The wealth of information available online is staggering. While all of this information is available, the knowledge contained is not necessarily put to use by people in their day-to-day activities. A recent study suggested that users primarily access the Web through search engines. To do this, people must first decide they need information, navigate to the appropriate engine, and then distill their request into keywords describing it.
This mode of information access may be useful for many digital tasks, that is, activities that occur on or around a computer. However, it tends not to be as useful for those activities we normally associate with the physical world, such as browsing books in a library or bookstore.
Furthermore, since many of our actions are opportunistic and reactive. The requirements of having a computer, an Internet connection, knowledge of appropriate information sources and how to access them, and the patience to condense our needs into keywords, severely limits the situations in which it is practical to look for online information.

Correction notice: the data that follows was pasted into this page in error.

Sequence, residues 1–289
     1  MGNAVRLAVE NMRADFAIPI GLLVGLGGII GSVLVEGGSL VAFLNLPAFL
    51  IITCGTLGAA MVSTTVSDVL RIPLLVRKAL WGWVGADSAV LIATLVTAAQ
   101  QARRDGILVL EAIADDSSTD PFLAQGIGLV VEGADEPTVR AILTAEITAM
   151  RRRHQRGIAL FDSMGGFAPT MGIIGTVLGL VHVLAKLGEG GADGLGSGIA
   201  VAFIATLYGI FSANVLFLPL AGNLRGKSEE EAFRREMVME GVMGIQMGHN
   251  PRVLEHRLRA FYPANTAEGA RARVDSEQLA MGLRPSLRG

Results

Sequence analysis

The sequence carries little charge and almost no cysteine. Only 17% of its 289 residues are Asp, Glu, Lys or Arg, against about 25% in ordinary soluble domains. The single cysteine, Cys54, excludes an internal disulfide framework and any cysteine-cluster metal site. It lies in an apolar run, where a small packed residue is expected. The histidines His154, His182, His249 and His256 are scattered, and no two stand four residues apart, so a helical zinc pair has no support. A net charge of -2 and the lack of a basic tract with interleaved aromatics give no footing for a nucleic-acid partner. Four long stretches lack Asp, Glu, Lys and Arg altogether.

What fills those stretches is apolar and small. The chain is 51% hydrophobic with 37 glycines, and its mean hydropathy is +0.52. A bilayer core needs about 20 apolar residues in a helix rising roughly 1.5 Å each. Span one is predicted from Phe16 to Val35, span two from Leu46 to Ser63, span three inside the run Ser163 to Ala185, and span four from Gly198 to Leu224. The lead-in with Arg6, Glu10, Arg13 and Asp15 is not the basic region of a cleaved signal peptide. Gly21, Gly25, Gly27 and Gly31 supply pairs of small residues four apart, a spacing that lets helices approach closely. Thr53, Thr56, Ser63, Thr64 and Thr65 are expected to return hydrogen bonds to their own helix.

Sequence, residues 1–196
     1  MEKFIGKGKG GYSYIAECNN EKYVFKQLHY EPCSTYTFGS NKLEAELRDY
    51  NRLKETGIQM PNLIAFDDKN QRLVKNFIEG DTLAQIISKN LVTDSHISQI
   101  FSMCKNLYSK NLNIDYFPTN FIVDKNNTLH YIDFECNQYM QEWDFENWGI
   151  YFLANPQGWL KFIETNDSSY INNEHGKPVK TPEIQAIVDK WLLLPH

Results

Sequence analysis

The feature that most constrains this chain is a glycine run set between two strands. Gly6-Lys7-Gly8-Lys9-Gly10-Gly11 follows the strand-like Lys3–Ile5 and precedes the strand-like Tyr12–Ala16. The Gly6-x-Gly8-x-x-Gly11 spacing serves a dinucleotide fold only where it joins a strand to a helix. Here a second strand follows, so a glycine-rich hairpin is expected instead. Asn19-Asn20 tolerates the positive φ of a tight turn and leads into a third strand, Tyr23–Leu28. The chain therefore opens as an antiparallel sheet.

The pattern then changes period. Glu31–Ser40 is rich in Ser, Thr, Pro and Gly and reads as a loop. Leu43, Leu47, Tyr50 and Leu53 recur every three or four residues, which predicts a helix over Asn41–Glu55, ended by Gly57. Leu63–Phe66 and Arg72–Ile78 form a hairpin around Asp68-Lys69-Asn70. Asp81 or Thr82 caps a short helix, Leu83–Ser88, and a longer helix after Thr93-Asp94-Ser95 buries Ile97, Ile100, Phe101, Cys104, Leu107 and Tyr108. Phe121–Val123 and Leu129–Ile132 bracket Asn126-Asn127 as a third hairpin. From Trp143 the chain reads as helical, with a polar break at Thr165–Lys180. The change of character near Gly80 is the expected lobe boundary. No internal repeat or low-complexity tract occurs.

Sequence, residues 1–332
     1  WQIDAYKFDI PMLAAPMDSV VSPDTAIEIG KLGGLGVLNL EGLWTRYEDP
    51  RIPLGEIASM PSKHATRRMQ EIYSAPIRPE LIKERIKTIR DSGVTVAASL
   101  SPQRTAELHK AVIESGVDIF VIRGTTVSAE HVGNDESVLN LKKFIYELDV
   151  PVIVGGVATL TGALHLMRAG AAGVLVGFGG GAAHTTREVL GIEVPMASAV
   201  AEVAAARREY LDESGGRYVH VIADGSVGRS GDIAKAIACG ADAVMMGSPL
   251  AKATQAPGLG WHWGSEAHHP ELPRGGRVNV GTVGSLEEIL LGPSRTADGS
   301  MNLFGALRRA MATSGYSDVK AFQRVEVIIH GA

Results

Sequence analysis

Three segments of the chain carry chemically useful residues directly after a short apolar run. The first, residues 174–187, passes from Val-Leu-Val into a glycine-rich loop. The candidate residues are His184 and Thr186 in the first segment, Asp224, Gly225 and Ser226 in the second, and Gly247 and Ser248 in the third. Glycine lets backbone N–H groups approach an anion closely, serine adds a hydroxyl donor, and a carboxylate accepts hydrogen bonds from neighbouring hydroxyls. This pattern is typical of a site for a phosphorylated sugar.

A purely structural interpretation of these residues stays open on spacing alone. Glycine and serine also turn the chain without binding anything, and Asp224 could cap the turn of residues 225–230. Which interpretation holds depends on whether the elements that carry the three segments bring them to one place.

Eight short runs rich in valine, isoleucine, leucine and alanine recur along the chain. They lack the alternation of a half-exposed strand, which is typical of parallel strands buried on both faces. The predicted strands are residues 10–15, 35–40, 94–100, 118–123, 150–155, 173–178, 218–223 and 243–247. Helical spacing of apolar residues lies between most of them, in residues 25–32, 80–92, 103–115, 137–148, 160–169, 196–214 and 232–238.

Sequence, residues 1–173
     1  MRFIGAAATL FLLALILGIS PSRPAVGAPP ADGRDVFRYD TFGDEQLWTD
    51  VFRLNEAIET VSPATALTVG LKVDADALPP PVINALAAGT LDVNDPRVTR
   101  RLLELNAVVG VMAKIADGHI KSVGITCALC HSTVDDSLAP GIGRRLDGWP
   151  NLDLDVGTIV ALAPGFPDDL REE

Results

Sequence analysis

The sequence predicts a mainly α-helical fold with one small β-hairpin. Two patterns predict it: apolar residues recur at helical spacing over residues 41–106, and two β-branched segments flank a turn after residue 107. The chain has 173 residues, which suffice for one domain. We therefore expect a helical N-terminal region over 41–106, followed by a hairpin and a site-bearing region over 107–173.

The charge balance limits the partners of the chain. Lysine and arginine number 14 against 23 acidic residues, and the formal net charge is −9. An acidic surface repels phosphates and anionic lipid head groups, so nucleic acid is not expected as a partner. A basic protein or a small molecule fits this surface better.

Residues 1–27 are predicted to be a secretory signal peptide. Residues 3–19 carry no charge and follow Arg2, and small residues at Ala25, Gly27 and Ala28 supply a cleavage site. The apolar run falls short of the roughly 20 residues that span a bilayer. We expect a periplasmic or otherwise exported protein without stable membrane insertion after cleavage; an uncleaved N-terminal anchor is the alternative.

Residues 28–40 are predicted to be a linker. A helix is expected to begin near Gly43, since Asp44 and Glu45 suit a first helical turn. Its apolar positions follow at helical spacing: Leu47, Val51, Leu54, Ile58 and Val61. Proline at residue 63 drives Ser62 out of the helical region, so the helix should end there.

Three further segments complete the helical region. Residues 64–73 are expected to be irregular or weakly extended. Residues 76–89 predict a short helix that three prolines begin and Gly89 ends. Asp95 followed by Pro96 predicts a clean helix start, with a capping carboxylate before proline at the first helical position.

XLibris takes a step toward bridging the gap between the physical world of objects and the world of online resources, specifically within the realm of books. An information aggregation engine, XLibris is activated when a book's barcode is scanned while being checked out of a library. It then searches for relevant information about that book and related content and puts together a "micro site," the URL of which is e-mailed to the person who checked out the book. Designed to make extensive use of networked information resources, XLibris provides references for related books, journal articles, author biographies and links to pertinent web sites directly to mobile devices, kiosks or via e-mail.
XLibris locates books in the Dewey Decimal subject hierarchy to automatically search for the most relevant information about the book for the user, tailoring both the sources queried and the information returned based on the book's position in the hierarchy. XLibris illustrates how limited knowledge about a user's task coupled with information about the objects they are interacting with can be sufficient to retrieve relevant online information, facilitating the research process.